Thus, paying a higher price for receiving a better education is what has been called to question, for which market advocates have no other answer than the one indicated.
Conservative groups, clinging to the slogan “public education is of poor quality,” argue that the solution is not to change the system of educational provision, but to improve the quality of education that is offered for free.
Fundamentalists do not acknowledge the ways in which “quality education” is traded in the market. The neoliberal argument ignores that by not having different qualities of education, the market would become meaningless. Making the market attractive to investors and families who choose to pay requires the establishment of a minimum quality provision for the poorest segment of society. In this context, the conservatives fail to respond to the questions of how reasonable and just an educational system that guarantees only a minimum, in which a student receives only the education that their family can afford to purchase in the market, can be.
According to Sandelthe dilemma has two aspects: This considering that Chile represents an extreme version of neoliberalism, in which the market is responsible for distributing virtually all types of goods. In this context, following the demands of the social movements of and and their impacts on the political agenda, one might think with a degree of illusion that a significant and well articulated social change was coming in education.
This change would ultimately involve a paradigmatic transformation of the Chilean state, based on a new relationship between itself and its citizens, replacing the aim of market-driven profit maximization with a supportive relationship.
Thus changes are sought, but involved in the implementation are technical, regulatory and financial elements to creating a public policy proposal that seeks to create a society with greater rights for all citizens. In the meantime the conservative argument in this matter was evolving, unforeseen during the euphoric days of the social movement ofand demonstrating that neoliberalism is far from its “extinction.
It is difficult to implement this transformation solely in education without considering other key sectors. In addition, the market requires only a few simple principles to operate while its replacement involves a more elaborate network in order to function, including greater political agreement on founding principles.
Many of the slogans produced by the social movements in consideration were not sufficient to guide its implementation. For this reason the discriminating price structure is emphasized, as the contribution from schools is low. Despite the discussions, it is evident that a delegitimization of the market was not enough to cause its collapse.
Many of the expected proponents of the market have come to its defense secular and religious businessmen, politicians and leaders of the private sector as well as the unexpected, namely some families of the “emerging middle class sectors,” demanding their right to pay for education.
Demanding the possibility of buying in the educational marketplace, claiming they do not have an interest in a system that ensures a higher quality free education, they have no confidence in the state or society: One criticism of the movements of and is that the model did not reach the degree of strength and coordination required to break the power networks built by neoliberalism. Its weakness as a social movement would have begun when demands for education were reduced 4 Oct.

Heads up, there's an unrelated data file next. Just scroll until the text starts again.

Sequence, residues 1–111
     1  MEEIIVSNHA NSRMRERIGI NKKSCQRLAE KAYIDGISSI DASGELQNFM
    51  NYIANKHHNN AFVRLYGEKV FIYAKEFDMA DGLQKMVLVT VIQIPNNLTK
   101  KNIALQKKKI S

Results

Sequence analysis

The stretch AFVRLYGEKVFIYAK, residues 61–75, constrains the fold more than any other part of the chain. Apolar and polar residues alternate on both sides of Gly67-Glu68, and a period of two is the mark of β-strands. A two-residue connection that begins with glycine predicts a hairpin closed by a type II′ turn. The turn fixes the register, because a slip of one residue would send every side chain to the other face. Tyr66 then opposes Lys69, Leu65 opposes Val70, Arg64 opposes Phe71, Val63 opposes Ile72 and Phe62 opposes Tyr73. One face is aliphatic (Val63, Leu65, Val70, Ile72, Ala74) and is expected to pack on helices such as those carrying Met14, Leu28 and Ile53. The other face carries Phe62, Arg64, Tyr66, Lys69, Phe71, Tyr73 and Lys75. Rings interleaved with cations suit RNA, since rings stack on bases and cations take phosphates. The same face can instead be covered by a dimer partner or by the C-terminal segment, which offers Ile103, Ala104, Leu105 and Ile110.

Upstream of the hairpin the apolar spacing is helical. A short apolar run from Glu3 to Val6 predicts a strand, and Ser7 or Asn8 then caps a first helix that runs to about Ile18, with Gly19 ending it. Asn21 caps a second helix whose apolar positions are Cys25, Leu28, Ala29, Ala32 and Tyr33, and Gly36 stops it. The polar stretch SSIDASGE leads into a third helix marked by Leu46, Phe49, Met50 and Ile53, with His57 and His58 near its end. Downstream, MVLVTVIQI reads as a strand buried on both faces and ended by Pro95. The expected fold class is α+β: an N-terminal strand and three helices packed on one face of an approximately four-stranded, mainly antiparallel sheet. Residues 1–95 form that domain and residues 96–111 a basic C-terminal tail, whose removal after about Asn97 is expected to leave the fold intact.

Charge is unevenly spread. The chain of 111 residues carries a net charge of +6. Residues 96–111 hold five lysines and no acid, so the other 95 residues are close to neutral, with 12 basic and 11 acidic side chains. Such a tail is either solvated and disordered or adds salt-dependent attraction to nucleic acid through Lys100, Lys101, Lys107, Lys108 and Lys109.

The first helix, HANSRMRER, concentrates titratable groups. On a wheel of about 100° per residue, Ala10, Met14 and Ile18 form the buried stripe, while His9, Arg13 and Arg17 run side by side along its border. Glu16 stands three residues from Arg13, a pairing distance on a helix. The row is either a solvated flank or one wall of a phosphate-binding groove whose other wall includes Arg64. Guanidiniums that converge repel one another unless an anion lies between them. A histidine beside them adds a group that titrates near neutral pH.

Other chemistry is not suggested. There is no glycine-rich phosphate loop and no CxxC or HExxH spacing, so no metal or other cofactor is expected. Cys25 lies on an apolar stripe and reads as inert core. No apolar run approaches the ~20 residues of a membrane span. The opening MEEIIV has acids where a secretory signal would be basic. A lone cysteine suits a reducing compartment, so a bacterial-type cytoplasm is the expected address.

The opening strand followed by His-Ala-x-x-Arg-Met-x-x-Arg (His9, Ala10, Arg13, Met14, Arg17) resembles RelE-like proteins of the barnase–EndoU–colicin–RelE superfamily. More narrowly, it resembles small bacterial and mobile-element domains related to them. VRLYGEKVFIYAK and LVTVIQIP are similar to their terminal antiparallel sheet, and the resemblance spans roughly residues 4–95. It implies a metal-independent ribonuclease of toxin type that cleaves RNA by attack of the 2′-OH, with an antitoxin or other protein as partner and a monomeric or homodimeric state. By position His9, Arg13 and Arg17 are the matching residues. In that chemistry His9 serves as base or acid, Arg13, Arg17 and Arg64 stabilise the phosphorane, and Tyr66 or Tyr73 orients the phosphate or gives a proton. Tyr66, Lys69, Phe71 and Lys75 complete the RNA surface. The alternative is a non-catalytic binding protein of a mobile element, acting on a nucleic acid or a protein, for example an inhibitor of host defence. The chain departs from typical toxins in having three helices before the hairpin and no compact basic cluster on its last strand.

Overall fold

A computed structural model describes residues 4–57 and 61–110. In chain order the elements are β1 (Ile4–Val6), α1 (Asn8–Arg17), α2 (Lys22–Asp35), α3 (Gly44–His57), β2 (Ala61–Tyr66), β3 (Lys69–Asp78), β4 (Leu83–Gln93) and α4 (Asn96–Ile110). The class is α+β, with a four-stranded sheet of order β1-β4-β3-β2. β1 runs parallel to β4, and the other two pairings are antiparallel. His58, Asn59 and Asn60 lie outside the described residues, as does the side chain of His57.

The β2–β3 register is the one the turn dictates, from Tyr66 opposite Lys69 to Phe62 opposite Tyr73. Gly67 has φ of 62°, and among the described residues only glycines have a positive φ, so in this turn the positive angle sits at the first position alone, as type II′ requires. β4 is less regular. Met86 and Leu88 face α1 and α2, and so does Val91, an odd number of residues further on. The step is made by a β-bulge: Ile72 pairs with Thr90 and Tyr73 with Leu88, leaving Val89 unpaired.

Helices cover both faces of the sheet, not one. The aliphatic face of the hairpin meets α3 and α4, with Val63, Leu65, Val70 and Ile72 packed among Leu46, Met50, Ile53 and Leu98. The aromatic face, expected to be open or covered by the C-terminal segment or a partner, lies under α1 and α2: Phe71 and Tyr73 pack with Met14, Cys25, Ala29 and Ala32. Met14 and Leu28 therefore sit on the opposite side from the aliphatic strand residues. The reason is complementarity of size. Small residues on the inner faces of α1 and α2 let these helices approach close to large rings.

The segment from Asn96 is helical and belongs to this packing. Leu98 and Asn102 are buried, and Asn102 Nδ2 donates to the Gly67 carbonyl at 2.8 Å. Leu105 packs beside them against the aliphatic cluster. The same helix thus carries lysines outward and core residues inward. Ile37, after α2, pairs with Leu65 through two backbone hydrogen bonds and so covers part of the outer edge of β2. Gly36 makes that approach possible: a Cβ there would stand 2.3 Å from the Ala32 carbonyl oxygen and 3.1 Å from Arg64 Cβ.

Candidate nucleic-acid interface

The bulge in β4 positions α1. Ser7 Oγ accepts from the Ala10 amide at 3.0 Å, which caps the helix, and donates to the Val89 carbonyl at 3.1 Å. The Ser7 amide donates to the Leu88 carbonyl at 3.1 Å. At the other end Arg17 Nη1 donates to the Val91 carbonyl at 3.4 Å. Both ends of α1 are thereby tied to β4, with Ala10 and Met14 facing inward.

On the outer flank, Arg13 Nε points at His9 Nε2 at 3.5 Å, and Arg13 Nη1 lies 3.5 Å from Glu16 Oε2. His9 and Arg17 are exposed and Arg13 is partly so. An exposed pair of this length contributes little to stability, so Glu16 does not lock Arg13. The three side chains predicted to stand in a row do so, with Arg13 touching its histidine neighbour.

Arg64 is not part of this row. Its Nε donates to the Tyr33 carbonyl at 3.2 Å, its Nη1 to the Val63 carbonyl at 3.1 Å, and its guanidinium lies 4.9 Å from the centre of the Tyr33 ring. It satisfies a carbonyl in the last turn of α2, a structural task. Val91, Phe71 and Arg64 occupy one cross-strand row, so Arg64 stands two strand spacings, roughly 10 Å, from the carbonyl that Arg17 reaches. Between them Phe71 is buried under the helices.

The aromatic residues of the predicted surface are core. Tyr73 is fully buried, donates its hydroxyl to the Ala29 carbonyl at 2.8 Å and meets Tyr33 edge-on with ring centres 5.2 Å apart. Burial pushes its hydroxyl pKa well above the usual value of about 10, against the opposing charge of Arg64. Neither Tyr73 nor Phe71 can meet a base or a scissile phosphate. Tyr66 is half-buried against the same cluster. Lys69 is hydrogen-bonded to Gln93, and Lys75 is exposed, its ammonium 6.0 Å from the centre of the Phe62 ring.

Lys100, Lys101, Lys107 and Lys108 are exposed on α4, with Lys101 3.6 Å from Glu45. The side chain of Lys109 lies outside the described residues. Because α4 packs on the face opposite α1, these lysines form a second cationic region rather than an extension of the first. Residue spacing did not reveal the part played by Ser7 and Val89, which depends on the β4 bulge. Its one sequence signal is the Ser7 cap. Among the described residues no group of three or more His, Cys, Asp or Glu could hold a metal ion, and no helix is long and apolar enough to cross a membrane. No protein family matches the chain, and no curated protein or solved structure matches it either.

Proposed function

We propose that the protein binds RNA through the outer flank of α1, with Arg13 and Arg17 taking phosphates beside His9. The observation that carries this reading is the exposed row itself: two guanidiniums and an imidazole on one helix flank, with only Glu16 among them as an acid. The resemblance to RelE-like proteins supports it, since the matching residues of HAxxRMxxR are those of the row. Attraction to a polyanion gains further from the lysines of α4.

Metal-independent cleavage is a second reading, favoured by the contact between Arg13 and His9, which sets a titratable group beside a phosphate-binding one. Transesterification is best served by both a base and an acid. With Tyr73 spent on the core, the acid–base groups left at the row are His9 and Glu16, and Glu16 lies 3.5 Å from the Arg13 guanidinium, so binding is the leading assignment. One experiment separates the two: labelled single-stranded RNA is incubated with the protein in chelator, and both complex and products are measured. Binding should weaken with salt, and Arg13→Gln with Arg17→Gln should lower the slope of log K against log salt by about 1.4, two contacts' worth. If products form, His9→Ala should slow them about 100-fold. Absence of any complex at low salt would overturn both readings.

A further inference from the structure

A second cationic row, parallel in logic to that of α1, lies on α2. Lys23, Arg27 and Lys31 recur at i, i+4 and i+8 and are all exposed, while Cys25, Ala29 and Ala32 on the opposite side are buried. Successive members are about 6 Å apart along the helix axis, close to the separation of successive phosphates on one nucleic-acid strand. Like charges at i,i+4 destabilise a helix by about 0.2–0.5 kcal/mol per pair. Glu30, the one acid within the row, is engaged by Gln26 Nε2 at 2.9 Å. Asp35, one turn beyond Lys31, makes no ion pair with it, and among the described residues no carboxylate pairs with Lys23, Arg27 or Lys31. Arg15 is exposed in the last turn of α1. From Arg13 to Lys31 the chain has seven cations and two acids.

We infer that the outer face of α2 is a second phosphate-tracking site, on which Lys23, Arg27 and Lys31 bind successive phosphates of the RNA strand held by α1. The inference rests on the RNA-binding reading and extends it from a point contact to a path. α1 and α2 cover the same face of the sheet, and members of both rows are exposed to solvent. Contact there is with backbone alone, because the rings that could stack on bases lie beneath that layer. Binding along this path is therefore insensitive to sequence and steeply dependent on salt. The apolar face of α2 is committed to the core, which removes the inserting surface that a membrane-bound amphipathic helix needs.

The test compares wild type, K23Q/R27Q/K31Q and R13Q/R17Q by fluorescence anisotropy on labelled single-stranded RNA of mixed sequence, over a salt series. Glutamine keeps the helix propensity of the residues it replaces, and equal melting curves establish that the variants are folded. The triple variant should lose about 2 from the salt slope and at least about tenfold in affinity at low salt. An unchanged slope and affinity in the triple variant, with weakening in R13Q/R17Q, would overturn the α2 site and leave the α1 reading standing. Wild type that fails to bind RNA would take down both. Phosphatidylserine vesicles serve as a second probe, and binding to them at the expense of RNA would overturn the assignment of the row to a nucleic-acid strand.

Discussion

In this last period there are changes in language, inflection and content between the first announcement from the government and those that followed, each time increasingly attenuated, having more consensus with power groups and making less reference to the original slogans of the social movements 5. It has become clear that the thematic linking of parties with social movements was intended to make reforms to the model rather than to change it, integrating diverse social actors without first delineating the entirety of a social project.
In this way the issue was reduced to one of the education sector only, and not of the social decision on how to distribute different goods considered to be public Sandel, In this context, proreform advocates have been losing strength, clarity and dynamism.
La mala educación: Ideas que inspiran al movimiento estudiantil en Chile by Fernando Atria
These aspects, together with the counterargument presented by conservatives to reduce the issue of public education to its limited scope cernando not that of the existence of the market as a whole, showed the educadion of the daily behavior and awareness of the people.
Understanding that the debate on strengthening public education involves defining the significance of the changes and determining relevant strategies and measures for its implementation. The case in analysis, however, does not follow this formula.
Rather politics are mixed with the feasibility of certain changes, without having carried out a discussion on the core of the subject. This in turn may call into question the paradigm shift and provoke another social upheaval. Improving the market initially reduces tension between the ruling powers in various fields, while a paradigm shift certainly creates a greater degree of uncertainty.
The first is a clear path to carry out corrective measures, with an emphasis on the public institution delving into the socioeconomic components of the population and its impact on educational services educacon with certain regulations for the private sector.
The second is more profound, redefining education as a social right, which translates to “being a citizen” as sufficient reason for providing it.